John Swofford Retirement, Duke Staff Thoughts

Greensboro, N.C. ( – John Swofford, the longest-tenured commissioner in the 67-year history of the Atlantic Coast Conference, announced today that the 2020-21 athletic year will be the last of his 24 years of service. Swofford will continue in the Commissioner’s chair until his successor is installed and will assist with the transition as needed. As the fourth commissioner of the ACC, Swofford guided the league to unprecedented stability, success and growth, expanding from nine to 15 members beginning with Miami and Virginia Tech in 2004, quickly followed by Boston College and later joined by Pitt, Syracuse, Notre Dame and Louisville.

Today’s ACC spans the entire eastern seaboard, giving it the largest geographical footprint and population among all Autonomy 5 conferences. Expansion allowed the league to secure its future through the grant of media rights, creation of the ACC Football Championship Game, an invaluable partnership with the Orange Bowl, and joining with ESPN in August 2019 to establish the ACC Network, which provides fans exceptional access to live events via a comprehensive, multi-platform network.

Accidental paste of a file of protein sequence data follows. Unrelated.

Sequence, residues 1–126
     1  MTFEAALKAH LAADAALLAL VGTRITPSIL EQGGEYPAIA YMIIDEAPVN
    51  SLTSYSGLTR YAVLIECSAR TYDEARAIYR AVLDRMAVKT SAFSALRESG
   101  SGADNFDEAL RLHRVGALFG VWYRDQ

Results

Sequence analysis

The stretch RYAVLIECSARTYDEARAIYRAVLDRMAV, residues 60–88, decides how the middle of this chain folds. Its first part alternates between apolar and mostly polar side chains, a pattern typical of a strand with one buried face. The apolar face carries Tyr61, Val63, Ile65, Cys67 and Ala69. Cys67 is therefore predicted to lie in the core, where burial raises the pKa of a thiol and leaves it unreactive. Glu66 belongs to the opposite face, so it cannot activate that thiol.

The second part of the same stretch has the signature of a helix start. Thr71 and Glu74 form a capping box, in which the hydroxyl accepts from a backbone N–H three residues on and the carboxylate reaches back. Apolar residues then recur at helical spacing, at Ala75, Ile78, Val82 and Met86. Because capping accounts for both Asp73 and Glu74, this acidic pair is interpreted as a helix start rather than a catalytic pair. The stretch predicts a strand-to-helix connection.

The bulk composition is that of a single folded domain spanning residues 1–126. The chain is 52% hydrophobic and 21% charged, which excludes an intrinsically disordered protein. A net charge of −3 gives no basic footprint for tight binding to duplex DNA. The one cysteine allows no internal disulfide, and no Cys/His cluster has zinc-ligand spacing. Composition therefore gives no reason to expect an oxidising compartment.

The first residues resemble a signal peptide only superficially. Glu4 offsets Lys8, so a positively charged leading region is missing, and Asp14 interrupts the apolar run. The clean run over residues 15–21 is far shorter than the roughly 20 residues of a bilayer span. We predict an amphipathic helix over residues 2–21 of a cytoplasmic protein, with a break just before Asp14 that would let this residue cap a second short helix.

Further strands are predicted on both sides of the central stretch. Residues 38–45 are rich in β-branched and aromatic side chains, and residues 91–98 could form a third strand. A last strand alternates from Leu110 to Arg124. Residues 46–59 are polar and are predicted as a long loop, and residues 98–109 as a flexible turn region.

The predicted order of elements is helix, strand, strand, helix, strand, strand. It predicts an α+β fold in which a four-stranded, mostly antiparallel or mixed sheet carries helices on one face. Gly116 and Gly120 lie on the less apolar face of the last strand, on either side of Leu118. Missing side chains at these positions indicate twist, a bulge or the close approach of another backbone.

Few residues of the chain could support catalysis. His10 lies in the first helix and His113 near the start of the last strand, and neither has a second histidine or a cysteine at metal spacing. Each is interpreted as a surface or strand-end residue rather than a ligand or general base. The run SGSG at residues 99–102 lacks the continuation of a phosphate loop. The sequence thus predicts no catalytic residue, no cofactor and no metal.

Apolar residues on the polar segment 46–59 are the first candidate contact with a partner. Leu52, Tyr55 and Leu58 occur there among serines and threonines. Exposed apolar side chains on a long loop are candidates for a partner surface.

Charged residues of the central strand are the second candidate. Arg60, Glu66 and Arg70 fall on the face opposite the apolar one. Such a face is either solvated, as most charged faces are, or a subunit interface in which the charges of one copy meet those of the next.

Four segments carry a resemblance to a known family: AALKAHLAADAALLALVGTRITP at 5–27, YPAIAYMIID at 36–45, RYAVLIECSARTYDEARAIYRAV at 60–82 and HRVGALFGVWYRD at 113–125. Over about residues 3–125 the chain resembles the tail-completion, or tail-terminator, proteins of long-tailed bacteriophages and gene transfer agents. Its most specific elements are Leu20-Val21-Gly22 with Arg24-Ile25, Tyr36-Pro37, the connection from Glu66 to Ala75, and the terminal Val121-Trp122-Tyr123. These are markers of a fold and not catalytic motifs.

“It has been a privilege to be a part of the ACC for over five decades and my respect and appreciation for those associated with the league throughout its history is immeasurable,” said Swofford. “Having been an ACC student-athlete, athletics director and commissioner has been an absolute honor. There are immediate challenges that face not only college athletics, but our entire country, and I will continue to do my very best to help guide the conference in these unprecedented times through the remainder of my tenure. Nora and I have been planning for this to be my last year for some time and I look forward to enjoying the remarkable friendships and memories I’ve been blessed with long after I leave this chair.”